I had a phone call yesterday from a member of our community asking me if I'd booked him a place at the Annual Meetings. I hadn't. The last discussion at a meeting at the end of January was for him to discuss with someone else about sharing our delegate allocation and for them to get on with it. A previous treasurer had done Annual Meetings bookings some years ago - but I am not the Treasurer. He asked if I would now do the booking if the days were sorted out with this other man - I said that I wouldn't as they were perfectly capable of doing this themselves. The conversation then went onto general things - how was I? - tired - you always look tired, you do too much, you have to learn to say 'no' - well I have done that in this conversation haven't I? The irony was not lost.
The previous week I had been at a sub-committee meeting as a visitor - it focuses on the building and I have avoided full-time involvement (because I do too much!). Anyway I had found it quite difficult to follow what works needed doing, which needed planning permission and which pots of funding could be used for what. So prior to the meeting I had put my understanding of the work to be done in tables and emailed these to people asking people to amend them to accurately reflect the situation. One person printed them off, wrote his comments and sent the documents to me. At the meeting I said that this really wasn't very helpful as the expectation seemed to be that I would have to type this person's comments in. I have already had similar conversations when I get handwritten stuff for the newsletter. The best bit was when I was told that I was now the only person who had these tables with these comments as if somehow I had engineered this.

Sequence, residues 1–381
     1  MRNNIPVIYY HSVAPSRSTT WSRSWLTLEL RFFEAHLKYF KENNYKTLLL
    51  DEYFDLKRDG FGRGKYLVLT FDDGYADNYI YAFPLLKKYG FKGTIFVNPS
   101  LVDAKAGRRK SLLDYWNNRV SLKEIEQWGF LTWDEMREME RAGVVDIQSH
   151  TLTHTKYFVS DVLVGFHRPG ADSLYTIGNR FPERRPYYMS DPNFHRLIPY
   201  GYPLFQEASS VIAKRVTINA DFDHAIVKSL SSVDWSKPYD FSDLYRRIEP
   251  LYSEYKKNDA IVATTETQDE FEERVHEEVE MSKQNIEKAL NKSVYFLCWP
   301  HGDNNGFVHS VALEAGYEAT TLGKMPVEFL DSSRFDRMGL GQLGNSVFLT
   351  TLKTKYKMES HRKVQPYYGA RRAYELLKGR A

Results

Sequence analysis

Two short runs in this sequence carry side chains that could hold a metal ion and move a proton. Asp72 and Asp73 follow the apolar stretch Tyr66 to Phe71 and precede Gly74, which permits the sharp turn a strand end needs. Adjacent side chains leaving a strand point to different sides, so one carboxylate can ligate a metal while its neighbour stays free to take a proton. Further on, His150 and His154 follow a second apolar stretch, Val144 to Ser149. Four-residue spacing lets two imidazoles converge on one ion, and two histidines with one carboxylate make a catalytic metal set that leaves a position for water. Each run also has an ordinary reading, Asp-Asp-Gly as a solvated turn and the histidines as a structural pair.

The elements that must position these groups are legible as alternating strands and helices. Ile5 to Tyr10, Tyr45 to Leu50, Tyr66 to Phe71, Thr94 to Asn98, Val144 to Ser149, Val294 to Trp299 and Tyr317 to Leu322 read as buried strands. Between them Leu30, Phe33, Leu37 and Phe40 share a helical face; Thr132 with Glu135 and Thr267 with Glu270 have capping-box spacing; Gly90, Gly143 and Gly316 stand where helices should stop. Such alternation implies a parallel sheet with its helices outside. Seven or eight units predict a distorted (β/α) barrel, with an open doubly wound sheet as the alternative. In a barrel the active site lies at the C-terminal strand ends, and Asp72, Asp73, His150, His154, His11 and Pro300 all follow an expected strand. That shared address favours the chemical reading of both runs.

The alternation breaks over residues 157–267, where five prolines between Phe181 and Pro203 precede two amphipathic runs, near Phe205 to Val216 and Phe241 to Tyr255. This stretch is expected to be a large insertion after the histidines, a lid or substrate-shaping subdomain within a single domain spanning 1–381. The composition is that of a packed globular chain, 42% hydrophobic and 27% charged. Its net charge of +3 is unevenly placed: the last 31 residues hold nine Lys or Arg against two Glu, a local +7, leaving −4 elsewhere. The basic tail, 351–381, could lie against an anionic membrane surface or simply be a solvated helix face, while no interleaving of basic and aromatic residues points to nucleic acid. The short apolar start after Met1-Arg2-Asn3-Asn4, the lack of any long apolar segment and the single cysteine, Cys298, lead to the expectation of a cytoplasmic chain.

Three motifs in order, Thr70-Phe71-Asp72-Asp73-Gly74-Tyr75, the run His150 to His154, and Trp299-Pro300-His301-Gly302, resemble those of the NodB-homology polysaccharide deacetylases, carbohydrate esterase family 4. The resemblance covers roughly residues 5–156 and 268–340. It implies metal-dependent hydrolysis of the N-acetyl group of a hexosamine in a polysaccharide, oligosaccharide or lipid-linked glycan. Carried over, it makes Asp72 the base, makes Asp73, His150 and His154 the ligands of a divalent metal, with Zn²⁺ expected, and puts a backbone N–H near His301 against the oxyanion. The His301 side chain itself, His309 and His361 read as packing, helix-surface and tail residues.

Last year we had a meeting when someone suggested that we send a letter to support a campaign. I then asked who would do this. Someone said that as I was secretary that I should do this. I responded that just because I was secretary did not mean that everything that needed writing was my job and that I already had enough to do. No-one else came forward so the letter wasn't written.
On Sunday at a brief after-service meeting we had an issue with minutes. Although I am the secretary I am not the minute secretary and she was away. No-one said that they would do them so the chair agreed to note agreed actions. In the longer term we said that we would get a minute book. Someone volunteered to take notes during the meeting if the minutes secretary was not there. I volunteered to scan the notes in and send them round. Someone else suggested that we do this for three months to see if it works better (including being quicker) than our current system. This might not be ideal but it might actually work for us.
And the point of all this? If there is someone(s) in your congregation that you are concerned about because you think that they do too much - don't expect them to give up something that doesn't impact on you to make their life easier. Encourage them to give up something that does impact on you. Take some of their burden away or at the very least don't add to it. And if you are the one who does a lot do try very kindly but firmly to tell people that you won't do whatever it is, that either they can do it, someone else has to do it, you pay someone to do it or it doesn't get done.
At some point I want to identify the work that needs doing to run our community and to detail who does what and when. It is difficult in small communities which have no paid administrative staff. At some point this may become a problem and if it does it needs working through - like our minute book. We need to find solutions, which may not be ideal, but have a chance of working and of saving someone a job.
Ultimately if we are building community then we all have our overalls on at times - we all have to put some time and effort in. We also have to appreciate that somethings might not happen because although we may have the will, we don't have the wherewithal - not enough time, energy or ability. As ever we have to recognise that we are all in this together.